In July’s fourth fight in January of 2010 he would fight at Michael’s Eighth Avenue, in Glen Burnie, MD. Promoter Scott Wagner runs his “Ballroom Boxing Series” there. His opponent would be Kevin Johnson, 3-2, from Edgewood Arsenal, MD. Only problem was Johnson came in at 217 and July at 200.
I had no problem with the weight difference. Initially we thought I would eventually be a heavyweight, so I wanted to get used to that weight. Now that I have my weight under control, that heavyweight dream is just that, a dream,” said July. By the second round referee John Gradowski had seen enough halting the action at 1:44 of the round in favor of July.
“You get a certain thrill when you knock somebody out, but I am not interested in stopping every fighter. You learn with every fight, see different things. Adrian (Davis) has been working a great deal on my boxing skills so that I do not become infatuated with my power, so sometimes it is necessary to get rounds in. Adrian (Davis) and Antonio “Starchild” Reese feel the power through the mitts every day. Reese is the assistant to Davis.
In April the promoter was able to bring in McClinton who was now 2-1-1. “In the rematch with McClinton I had something to prove. The night before at the weigh-in he tried to start a bit of a commotion with some members from my gym and actually said I beat him once before and they gave him a draw because it was in DC,” said July.
“In the fight he did every dirty thing in the book. He hit behind the head, picked me up and dropped me and hit me low multiple times. I could have easily retaliated but I wanted the knockout, so I kept my cool. Unfortunately the DQ came before the knockout, but the knockout was coming,” said July. The fight was finally stopped at 1:00 of the fifth round by referee Malik Waleed.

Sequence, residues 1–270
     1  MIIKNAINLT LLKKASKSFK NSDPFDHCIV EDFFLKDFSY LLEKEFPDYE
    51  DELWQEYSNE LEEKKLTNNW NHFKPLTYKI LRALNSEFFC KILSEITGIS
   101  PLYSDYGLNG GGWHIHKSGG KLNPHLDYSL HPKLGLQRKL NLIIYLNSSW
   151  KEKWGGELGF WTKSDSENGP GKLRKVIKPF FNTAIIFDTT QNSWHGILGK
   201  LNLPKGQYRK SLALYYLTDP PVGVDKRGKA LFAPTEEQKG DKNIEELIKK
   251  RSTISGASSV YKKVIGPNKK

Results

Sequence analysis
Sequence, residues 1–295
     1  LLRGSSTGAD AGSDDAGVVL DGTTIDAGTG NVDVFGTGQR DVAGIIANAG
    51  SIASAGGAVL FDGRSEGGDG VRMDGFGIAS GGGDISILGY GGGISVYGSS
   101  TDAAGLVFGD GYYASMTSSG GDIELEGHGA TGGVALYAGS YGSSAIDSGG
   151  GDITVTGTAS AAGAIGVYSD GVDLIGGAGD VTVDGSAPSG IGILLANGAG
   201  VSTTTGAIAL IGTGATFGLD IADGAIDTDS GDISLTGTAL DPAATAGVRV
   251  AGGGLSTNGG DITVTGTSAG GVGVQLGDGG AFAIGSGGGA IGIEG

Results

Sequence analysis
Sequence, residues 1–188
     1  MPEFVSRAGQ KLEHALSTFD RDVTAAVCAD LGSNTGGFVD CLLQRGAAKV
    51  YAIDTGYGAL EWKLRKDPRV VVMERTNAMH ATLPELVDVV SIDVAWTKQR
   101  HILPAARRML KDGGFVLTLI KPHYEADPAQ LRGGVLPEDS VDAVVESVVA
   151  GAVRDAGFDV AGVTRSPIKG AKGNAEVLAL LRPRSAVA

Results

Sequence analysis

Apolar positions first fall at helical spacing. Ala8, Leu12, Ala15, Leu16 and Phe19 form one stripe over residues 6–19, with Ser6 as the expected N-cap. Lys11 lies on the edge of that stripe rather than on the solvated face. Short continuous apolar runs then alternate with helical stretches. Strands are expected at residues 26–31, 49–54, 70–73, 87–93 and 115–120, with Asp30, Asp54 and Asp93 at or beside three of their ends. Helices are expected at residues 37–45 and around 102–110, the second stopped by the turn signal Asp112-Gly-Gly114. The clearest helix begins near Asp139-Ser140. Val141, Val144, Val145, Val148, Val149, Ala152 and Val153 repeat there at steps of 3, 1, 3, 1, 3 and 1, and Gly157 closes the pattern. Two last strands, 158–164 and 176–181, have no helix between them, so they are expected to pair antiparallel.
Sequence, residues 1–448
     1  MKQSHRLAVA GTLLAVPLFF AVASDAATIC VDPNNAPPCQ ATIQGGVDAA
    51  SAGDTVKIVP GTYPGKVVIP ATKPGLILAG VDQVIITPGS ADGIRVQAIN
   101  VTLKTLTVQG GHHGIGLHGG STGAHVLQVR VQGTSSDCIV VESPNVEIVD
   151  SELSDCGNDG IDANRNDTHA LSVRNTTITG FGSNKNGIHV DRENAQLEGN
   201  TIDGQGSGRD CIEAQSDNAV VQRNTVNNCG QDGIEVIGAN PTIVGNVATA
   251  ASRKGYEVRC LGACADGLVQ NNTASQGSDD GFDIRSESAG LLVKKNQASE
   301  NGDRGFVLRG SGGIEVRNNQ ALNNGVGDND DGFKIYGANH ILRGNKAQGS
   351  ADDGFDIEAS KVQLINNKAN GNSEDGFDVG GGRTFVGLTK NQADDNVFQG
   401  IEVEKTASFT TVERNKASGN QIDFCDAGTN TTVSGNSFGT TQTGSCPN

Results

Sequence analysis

July would travel to Johnstown, PA, 2 months later in June and meet DeLeon Tinsley, 9-7-1, of Orlando, FL, in a 6 rounder. This was a major step since Tinsley had been in with some of the best fighters in the division and still had a winning record. He won his first 7 fights finishing with defeating Sharif Kemp, 5-0. He then had a pair of fights with “The Contenders” Joell Godfrey, getting a draw and losing by split decision.
July defeated another from “The Contender” in Alfredo Escalera, Jr., 15-0-1, after losing to Aaron Williams, 12-0-1. He then lost to Germany’s Enad Licina who is schedule to fight IBF Champion Steve Cunningham this month for the cruiser title. Then he followed up with a win over Lou Del Valle, 36-5-1, former WBA 175 champ. Then he was up against 4 opponents with a compiled 46-3-1 record.
“The fight against DeLeon Tinsley was actually my best performance to date. I was happy with that victory because he had beaten some tough competition and had some good ring experience. I hit him with a lot of good shots and things started coming together for me in that fight. I was finally starting to throw some of the shots that Adrian (Davis) had worked on in the gym but which I had not ever tried in fights,” said July. He would take the win on all scorecards by 60-54 twice and 58-56.
July spars with heavyweight Maurice “Freight Train” Byarm, 10-0 (7) out of Philly who comes in at 250, but training is the DC area. “He holds his own with the Freight Train and is very strong. He is smart and uses that in the ring,” said Byarm. This writer discovered July through George Hanson, Jr., Esq. Who writes for “the Mouthpiece”. A fellow writer Robert Coster of Fight News , living in the Dominican, was looking for a Jamaican boxer for a show coming up in Jamaica. Another FN writer Digital Williams also let me know about him being out of MD. July lives in Suitland, MD.
In addition to Byarm July trains with some of the better boxers in MD. “I have sparred a couple of times with Seth “Mayhem” Mitchell (out of GB stable), Henry “Sugar Poo” Buchanan and Vaughn Davis. It’s a good mix. I try to pick up things from each of them.
The Philadelphia fans got a good look at July in his next fight after over a 7 month lay-off at the National Guard Armory show promoted by Greg Robinson’s Power Productions. “I was supposed to fight several times but opponents dropped out on me and most recently I was to fight on Bobby McGruder’s card in Waldorf. Unfortunately during training I was running and tore my calf muscle, so that set me back a bit. The plan is to be much more active, but it is tough getting on cards,” said July.